One of the greatest challenges a therapist can face is when a client feels hopeless about the possibility of change. But whether this sense is due to doubts about therapy or the intransigent nature of their struggles, current research challenges the widespread assumption that clients must be strongly motivated in order to change. The Creative Relational Movement (CRM) approach is a set of ideas and practices that stimulate clients to engage in therapy, even when their motivation is low. You’ll discover:
- How to apply the five principles of CRM with “last chance” couples as well as with clients suffering from depression, anxiety, and substance abuse
- How to use the integrative Therapeutic Palette approach to help clients engage in their treatment, even when they may not see the point
- Specific mindfulness practices that facilitate immediate psychophysiological change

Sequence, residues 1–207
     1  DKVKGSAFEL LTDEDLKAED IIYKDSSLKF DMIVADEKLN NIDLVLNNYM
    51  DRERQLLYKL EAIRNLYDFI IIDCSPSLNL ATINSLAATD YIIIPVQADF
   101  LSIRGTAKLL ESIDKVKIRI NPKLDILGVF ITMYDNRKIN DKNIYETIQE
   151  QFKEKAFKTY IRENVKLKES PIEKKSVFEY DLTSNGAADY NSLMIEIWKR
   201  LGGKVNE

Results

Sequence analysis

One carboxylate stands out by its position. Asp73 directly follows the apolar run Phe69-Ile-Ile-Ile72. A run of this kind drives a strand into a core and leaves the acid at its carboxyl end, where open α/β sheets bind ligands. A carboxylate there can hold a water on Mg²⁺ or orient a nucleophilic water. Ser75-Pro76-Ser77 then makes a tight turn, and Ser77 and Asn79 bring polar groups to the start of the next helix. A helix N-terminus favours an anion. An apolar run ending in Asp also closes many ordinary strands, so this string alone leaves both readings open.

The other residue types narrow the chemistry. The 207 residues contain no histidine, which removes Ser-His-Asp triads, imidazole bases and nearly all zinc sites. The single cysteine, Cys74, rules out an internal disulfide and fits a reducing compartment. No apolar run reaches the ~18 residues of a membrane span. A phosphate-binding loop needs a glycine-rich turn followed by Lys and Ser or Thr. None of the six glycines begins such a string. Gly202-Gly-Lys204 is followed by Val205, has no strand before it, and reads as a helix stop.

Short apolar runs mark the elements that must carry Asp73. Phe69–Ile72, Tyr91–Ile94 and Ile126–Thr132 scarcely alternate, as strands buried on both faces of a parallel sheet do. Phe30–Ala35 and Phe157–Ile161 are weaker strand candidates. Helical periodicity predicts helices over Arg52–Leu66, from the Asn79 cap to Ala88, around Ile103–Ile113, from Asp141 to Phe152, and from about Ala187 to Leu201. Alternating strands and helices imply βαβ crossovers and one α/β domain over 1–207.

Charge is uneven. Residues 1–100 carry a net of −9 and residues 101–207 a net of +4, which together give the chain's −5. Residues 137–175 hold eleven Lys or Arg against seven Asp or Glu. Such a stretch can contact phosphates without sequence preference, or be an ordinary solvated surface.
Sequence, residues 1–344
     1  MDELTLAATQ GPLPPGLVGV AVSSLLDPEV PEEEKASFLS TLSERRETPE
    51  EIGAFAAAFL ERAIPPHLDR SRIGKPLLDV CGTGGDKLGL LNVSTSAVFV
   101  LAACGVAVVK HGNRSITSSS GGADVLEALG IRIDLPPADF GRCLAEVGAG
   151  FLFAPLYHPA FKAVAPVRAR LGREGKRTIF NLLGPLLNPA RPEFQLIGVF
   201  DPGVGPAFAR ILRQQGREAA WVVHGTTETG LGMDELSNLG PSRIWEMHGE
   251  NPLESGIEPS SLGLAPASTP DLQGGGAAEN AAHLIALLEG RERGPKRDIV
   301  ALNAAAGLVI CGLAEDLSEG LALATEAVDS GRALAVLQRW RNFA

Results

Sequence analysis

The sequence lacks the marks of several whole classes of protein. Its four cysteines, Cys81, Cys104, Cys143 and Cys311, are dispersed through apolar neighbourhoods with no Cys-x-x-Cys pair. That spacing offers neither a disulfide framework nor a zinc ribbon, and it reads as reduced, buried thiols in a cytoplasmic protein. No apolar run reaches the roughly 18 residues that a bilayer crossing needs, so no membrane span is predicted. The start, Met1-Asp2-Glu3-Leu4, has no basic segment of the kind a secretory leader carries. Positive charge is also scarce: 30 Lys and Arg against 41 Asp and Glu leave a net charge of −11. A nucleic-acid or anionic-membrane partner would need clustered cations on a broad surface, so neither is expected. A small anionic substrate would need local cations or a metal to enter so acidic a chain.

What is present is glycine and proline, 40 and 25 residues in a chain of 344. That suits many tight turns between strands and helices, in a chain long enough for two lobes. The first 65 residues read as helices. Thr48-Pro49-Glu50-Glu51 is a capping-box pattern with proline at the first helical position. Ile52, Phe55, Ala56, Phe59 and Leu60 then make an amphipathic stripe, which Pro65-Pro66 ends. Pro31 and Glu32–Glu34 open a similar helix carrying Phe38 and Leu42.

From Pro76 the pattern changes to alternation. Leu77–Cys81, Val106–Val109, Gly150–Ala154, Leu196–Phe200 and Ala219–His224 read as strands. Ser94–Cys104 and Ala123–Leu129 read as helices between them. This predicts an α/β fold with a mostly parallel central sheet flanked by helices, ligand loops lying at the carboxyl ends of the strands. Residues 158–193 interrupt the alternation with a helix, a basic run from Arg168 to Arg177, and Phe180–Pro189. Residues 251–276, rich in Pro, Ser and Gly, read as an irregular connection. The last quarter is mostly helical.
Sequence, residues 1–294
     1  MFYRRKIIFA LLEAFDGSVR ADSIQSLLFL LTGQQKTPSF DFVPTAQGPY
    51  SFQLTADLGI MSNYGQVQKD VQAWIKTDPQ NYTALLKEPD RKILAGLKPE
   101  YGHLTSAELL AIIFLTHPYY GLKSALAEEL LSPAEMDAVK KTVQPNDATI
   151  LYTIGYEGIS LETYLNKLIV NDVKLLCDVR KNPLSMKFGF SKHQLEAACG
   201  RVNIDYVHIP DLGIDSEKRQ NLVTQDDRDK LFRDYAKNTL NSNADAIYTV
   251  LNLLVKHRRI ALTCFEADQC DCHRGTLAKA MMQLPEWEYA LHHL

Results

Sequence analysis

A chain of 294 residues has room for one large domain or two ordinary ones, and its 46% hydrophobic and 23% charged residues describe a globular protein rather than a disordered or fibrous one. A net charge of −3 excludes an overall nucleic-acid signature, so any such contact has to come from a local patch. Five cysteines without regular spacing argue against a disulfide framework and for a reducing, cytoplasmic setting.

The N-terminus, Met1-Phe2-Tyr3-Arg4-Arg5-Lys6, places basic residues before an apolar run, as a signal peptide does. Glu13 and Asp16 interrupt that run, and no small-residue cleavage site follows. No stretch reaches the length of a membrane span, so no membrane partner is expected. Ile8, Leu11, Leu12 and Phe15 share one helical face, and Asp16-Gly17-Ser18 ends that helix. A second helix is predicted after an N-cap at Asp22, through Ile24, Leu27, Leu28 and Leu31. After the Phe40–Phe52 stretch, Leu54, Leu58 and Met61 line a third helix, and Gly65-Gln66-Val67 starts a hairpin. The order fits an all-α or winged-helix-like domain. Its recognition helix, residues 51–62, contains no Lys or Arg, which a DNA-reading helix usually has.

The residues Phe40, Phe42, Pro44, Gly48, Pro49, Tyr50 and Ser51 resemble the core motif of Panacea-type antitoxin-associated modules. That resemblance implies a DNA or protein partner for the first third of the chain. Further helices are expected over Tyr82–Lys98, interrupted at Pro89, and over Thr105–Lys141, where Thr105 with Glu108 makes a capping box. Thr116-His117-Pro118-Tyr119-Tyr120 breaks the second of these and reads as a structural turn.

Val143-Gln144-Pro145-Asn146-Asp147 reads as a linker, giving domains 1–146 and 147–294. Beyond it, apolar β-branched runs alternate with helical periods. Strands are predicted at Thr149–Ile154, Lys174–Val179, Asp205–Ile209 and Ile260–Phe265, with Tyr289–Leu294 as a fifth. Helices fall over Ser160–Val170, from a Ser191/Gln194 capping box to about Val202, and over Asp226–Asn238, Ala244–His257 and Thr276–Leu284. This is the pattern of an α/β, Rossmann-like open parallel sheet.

- How to offer “experiments in possibility,” even if they feel unnatural or even irrational at first
Peter Fraenkel, PhDRelated seminars and products
Peter Fraenkel, PhD, is a psychologist, associate professor of psychology at the City College of New York, and former director of the Center for Work and Family at the Ackerman Institute. He received the 2012 American Family Therapy Award for Innovative Contribution to Family Therapy.
Financial: Dr. Peter Fraenkel maintains a private practice and has an employment relationship with The City College of New York. He receives royalties as a published author. He receives a speaking honorarium and recording royalties from PESI, Inc. He has no relevant financial relationships with ineligible organizations.
Non-financial: Dr. Peter Fraenkel is a member of the American Psychological Association (APA), the American Family Therapy Academy (AFTA), National Council on Family Relations (NCFR), Council on Contemporary Families (CCF), American Professional Society on the Abuse of Children (APSAC), New York State Psychological Association (NYSPA), Society for the Exploration of Psychotherapy Integration (SEPI), and the Royal Society of Medicine.